Bruce Grant. 2009.

The Captive and the Gift: Cultural Histories of Sovereignty in Russia and the Caucasus (in the book series “Culture and Society After Socialism”). Cornell University Press. reviewed by Kevin Tuite (Université de Montréal) for Comparative Studies in Society and History In this insightful and useful new book, the anthropologist Bruce Grant, author of the highly-regarded In the Soviet House of Culture: A Century of Perestroikas (1995), documents the emergence and transformations of a master trope he calls “the gift of empire” in Russian literature and discourse, as the Tsarist empire expanded its borders southward into the Caucasus region in the late 18th and 19th centuries. In its more direct manifestation — still commonly encountered in the reproachful remarks of Russians concerning the post-Soviet Caucasus — the colonization of Circassia, Chechnya, Georgia and the rest of the region is justified as a mission civilisatrice which cost the Russians more than they received in return. According to this “logic of sovereign rule”, to use Grant’s terminology, the peoples of the Caucasus should feel gratitude, rather than resentment, toward the colonizers who brought them schools, roads, clinics, liberation from backward traditions (to say nothing of the 70% of North Caucasian regional budgets currently funded by the Russian federal government). One of the most effective vehicles for popularizing the concept of the gift of empire is the motif of the “Prisoner of the Caucasus”, this being the title of a poem composed in 1822 by Aleksandr Pushkin, as the Russian military incursion into the Caucasus went into full swing. Literary portrayals of a man (with whom the author and presumed readers identify) taken captive in an exotic locale, then released through the love of a local woman, go back to Antiquity, but it is in Tsarist, Soviet and even post-Soviet Russia that a homegrown variant of the Pocahontas tale achieved its greatest and most enduring popularity. Behind their flattering portrayals of the colonizer’s superiority and desirability, Grant detects within these narratives a “sleight of power”, consisting in a series of inversions masking the true asymmetries of the Russian-Caucasian encounter. The analysis has much to commend it: Grant demonstrates a sophisticated familiarity with Russian literature, Soviet popular culture and Caucasian history, and his tracing of the “gift of empire” concept from Pushkin’s time to the present provides valuable insight into the peculiarly intense attachment Russians feel to the Caucasus. (Incidentally, I would recommend The Captive and the Gift as background reading to anyone seeking to understand Russian perspectives on last year’s war in South Ossetia). In portrayals of captives in the Caucasus written from the colonizers’ point of view, as Grant notes, the indigenes are mostly silent. Grant therefore provides space for selected individuals from the other side to give their perspectives on the “gift of empire” — among others, an Azeri film director and the Abkhaz writer Fazil Iskander. One promising avenue of inquiry for extending this work, in my view, would be to take a closer look at how representations of encounters akin to that of the Prisoner of the Caucasus are deployed in local-language literatures and popular cultures. Georgian literature and cinema, for example, yield not only variants told from the “prisoner’s” point of view (he being a Russified city-dweller, she a native of the remote valleys of the Northeast Georgian highlands), but also from the woman’s perspective (Tuite 2007). Nana Djordjadze’s glasnost-era film Robinsonade, or my English Grandfather (1987) features an Englishman who is held captive, in a sense, by a Communist agitator after the Soviet invasion of Georgia in 1921. He is released at the behest of the agitator’s sister, who has fallen in love with him, but in the end it is he, not she, who dies. What is more, she is pregnant, and, as the title implies, her grandchild narrates their story many years later. In the plot of Robinsonade, as well as its post-Soviet quasi-remake Chef in Love (1996), Pushkin’s “sovereign logic” has been problematized and inverted: Rather than being one of the conquerors, Djordjadze’s foreigner is among their victims, and his union with the local woman bears fruit, in the form of culturally Georgian offspring. In works such as these the bearer of the gift of empire undergoes a contrastive and doubtless deeply ironic refiguration.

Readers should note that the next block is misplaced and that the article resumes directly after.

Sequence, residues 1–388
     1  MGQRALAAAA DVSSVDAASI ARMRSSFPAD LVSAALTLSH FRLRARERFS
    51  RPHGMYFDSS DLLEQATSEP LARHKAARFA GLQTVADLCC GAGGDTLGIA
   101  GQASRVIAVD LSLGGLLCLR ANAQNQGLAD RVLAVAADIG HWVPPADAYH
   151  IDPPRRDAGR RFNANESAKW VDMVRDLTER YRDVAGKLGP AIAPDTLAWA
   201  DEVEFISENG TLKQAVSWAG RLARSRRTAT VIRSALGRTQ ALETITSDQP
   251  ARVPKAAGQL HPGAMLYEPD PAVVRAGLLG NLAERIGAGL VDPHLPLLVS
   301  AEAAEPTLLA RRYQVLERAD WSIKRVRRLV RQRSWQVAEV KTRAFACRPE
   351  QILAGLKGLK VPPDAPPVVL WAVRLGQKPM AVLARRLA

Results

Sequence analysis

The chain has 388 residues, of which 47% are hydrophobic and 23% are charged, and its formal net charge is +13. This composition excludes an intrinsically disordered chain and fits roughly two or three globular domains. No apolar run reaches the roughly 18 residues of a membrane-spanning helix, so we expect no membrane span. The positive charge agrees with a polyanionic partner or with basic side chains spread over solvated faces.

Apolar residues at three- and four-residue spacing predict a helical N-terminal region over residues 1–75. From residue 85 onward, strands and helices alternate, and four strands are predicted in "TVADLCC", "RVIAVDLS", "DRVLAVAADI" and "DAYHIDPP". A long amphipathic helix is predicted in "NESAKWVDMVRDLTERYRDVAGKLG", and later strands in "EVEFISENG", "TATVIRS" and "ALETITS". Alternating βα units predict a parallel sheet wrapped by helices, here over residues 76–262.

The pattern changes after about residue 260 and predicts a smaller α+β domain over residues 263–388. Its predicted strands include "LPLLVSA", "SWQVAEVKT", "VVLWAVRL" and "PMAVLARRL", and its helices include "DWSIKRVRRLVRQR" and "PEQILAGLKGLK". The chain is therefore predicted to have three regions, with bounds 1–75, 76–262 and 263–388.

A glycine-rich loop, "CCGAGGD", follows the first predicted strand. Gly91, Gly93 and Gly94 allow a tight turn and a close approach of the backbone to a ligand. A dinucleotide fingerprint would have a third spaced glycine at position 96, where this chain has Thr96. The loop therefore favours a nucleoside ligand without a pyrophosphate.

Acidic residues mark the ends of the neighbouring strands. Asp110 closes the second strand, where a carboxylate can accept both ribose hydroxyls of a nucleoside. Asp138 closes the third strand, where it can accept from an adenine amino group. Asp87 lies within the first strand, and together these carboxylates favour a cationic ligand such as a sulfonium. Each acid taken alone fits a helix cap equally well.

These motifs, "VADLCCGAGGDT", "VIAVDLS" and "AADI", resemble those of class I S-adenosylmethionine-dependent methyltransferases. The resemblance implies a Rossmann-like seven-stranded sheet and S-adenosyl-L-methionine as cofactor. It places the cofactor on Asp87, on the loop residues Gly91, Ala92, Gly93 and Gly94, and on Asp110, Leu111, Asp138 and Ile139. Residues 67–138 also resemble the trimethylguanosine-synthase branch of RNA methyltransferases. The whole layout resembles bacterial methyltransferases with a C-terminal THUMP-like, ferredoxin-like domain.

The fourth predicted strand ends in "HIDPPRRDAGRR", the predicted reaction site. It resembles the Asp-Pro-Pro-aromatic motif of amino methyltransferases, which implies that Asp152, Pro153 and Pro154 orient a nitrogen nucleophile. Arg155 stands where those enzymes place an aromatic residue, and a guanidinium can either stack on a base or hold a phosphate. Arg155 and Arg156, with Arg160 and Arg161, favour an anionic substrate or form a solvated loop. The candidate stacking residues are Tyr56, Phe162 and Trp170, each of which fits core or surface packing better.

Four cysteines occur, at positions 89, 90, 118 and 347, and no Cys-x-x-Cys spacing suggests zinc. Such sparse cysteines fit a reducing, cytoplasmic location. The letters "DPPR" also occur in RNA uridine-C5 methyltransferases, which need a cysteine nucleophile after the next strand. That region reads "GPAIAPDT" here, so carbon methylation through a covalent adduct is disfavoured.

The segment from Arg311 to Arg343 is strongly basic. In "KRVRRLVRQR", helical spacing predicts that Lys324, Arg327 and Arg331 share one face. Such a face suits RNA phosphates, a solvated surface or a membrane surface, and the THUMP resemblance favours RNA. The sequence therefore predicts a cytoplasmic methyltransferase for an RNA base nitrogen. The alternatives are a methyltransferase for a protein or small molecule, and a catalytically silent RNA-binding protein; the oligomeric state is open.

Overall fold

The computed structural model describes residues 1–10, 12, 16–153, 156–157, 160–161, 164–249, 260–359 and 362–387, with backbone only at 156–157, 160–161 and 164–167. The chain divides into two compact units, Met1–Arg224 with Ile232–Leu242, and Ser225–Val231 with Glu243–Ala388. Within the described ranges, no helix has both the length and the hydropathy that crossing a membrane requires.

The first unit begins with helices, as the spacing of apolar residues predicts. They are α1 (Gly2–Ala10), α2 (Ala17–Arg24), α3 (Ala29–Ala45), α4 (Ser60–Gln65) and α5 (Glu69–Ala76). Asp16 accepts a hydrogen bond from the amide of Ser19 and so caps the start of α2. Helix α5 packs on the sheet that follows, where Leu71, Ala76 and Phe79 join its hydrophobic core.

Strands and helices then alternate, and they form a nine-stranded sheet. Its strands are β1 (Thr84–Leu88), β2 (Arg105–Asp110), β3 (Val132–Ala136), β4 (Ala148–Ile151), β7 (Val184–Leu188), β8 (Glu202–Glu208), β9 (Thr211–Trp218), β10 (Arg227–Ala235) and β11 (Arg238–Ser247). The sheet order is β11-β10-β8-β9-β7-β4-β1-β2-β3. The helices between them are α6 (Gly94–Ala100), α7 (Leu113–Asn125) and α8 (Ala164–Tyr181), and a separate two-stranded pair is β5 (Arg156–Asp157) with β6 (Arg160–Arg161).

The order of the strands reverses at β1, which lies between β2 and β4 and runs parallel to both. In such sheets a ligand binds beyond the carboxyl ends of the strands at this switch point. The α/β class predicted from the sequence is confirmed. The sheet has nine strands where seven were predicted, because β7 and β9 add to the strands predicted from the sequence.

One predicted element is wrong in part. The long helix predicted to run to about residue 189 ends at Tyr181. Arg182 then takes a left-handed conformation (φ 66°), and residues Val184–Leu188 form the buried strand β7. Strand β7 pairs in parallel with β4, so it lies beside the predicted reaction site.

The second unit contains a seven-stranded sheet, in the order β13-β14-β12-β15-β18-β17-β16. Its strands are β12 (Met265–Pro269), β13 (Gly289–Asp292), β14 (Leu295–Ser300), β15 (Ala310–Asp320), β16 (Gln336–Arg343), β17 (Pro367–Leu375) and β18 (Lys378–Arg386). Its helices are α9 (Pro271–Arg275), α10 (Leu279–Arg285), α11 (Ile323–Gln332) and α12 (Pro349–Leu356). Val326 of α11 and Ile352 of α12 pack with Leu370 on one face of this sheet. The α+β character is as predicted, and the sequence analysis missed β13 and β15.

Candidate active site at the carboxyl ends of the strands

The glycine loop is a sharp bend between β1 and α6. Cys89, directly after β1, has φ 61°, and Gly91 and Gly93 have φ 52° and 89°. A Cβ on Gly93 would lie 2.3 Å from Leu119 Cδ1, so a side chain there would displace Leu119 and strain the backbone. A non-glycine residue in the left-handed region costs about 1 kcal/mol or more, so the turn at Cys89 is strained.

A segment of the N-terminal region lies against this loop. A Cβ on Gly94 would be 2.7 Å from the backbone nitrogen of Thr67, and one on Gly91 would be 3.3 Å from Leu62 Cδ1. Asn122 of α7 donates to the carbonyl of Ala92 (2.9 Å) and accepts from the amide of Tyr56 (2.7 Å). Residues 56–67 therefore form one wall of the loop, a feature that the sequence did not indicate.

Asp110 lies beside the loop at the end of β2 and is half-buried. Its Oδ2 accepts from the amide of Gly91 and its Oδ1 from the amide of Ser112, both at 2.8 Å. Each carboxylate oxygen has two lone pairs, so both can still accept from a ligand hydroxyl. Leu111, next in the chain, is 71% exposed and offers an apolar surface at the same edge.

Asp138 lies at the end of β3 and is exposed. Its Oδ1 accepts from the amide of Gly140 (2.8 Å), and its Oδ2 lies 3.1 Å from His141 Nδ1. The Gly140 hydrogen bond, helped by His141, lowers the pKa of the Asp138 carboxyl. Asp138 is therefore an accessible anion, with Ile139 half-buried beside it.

Tuite, K. 2007. Ethnographie et fiction en Géorgie. Célébrer une vie : actes du colloque en honneur de Jean-Claude Muller, Kiven Strohm et Guy Lanoue, dir. Montréal: Département d'anthropologie, Université de Montréal, p 161-9.

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